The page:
Debunked New York Times Essay on the Revolutionary War Wins Pulitzer (UPDATED)


National Association Of Scholars Calls For Revoking The 1619 Project Pulitzer Prize

This is why the Pulizer is now a joke.

Campus Reform

Northwestern University history professor called into question the accuracy of a New York Times Magazine essay that won a Pulitzer Prize.

The Pulitzer Prize Board announced Monday that Nikole Hannah-Jones had won a Pulitzer Prize for her essay published as part of the New York Times Magazine‘s 1619 Project, in which she made the claim that American colonists sought independence from Great Britain because “they wanted to protect the institution of slavery in the colonies.”

Hannah-Jones asked Northwestern University history professor Leslie Harris to fact check the essay before it was published and, according to Harris, she flagged the portion of the essay claiming that American colonists’ motivation in claiming independence was to maintain the institution of slavery. 

Harris noted that while that may have been one of the factors that led to the Revolutionary War, it was not the primary determinant.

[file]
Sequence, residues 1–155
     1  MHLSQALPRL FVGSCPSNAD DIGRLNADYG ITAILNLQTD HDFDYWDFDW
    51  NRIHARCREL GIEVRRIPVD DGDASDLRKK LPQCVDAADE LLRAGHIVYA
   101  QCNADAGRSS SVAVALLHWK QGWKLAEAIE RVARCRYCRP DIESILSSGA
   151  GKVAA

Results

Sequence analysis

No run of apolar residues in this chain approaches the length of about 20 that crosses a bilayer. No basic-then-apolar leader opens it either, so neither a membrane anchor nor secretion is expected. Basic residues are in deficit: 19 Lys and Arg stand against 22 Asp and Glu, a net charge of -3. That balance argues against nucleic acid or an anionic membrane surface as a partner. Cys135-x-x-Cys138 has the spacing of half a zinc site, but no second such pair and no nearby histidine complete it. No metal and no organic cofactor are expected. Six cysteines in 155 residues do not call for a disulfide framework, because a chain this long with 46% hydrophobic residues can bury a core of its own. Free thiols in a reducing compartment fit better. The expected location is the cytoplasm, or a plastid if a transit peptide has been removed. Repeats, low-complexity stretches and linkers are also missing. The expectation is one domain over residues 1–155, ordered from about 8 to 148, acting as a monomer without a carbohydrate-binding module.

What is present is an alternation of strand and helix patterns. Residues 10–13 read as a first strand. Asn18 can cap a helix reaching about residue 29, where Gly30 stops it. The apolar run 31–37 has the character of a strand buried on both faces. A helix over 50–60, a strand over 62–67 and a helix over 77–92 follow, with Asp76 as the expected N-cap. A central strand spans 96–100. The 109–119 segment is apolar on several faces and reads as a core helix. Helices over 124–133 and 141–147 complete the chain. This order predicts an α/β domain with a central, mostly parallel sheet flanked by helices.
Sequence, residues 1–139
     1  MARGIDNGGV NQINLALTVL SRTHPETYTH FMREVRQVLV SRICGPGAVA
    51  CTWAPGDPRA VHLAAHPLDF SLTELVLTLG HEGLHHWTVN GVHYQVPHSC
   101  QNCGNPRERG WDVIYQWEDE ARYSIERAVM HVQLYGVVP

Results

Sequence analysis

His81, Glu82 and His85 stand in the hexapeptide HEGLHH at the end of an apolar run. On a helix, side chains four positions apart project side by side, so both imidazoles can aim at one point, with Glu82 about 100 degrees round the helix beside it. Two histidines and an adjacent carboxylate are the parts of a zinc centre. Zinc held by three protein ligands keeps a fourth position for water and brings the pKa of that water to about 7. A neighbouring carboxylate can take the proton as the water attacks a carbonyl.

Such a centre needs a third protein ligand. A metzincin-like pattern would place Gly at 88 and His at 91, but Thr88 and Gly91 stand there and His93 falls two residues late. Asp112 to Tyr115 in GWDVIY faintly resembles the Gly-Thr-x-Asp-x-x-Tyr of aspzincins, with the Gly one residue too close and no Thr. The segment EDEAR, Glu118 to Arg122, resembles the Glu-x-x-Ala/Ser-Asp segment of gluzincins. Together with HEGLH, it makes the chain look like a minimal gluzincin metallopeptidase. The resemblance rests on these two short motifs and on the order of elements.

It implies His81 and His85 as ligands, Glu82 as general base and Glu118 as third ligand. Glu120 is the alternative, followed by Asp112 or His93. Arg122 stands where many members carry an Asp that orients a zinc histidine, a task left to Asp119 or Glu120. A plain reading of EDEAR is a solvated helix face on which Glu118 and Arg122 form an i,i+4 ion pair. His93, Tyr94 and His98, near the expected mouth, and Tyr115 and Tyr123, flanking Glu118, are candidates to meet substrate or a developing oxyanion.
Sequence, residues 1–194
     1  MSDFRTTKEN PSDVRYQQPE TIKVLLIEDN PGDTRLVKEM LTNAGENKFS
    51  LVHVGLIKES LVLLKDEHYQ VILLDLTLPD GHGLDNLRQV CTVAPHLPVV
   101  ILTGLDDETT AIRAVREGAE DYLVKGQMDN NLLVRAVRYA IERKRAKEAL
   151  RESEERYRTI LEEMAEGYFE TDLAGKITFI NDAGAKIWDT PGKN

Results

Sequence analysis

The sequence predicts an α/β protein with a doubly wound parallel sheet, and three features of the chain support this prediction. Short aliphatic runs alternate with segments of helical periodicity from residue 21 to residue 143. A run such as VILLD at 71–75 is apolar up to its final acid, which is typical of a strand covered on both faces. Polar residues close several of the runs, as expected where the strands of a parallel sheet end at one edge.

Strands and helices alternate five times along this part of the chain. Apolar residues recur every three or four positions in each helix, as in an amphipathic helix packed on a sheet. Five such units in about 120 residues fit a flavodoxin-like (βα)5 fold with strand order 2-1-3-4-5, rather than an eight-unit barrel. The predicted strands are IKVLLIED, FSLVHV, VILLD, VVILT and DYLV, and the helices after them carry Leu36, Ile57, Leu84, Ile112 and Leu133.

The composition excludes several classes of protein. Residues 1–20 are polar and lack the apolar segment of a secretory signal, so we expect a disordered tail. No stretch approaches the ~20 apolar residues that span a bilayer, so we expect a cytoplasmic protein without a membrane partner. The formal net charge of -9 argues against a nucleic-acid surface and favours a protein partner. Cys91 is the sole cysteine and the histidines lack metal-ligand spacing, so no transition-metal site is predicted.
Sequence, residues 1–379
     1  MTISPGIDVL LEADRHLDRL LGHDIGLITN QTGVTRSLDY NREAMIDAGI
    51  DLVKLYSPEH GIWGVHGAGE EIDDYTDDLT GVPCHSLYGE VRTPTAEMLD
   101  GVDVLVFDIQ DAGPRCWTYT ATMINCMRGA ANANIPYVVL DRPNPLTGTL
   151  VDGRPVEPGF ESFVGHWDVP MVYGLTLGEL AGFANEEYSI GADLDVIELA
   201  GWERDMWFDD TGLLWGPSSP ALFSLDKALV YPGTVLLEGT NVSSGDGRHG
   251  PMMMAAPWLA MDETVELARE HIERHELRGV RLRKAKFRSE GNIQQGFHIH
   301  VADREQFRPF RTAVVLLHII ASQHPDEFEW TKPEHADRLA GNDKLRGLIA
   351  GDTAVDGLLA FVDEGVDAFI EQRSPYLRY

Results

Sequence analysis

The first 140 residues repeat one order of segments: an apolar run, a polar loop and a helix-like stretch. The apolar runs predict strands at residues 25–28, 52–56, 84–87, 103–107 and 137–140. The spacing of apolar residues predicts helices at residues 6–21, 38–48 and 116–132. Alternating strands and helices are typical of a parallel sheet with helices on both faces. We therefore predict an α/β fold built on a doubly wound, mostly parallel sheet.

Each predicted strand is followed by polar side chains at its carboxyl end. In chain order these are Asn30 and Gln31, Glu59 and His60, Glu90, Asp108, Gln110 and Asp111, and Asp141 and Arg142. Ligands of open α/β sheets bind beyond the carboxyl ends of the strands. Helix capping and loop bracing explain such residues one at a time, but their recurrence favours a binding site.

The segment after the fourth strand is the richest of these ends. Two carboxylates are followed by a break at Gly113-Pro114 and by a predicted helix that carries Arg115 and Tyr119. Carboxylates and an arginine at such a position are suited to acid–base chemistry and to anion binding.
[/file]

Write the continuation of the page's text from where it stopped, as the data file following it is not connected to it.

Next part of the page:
Despite the historian’s concern, however, the New York Times and Hannah-Jones published the essay anyway. On Monday, it won a Pulitzer.

Media Research Center’s TechWatch Vice President Dan Gainor previously told Campus Reform, “The New York Times 1619 Project wasn’t about history, it was about rewriting history.”

“Journalism doesn’t really deliver news now; it delivers narrative. To the Left elite like The Times, there’s no narrative they want to destroy more than American exceptionalism,” Gainor continued. “If America had been more evil from the founding, then everything it created must be destroyed – the Founders, the Declaration of Independence, the Constitution, religious freedom, gun rights – everything Americans hold dear.”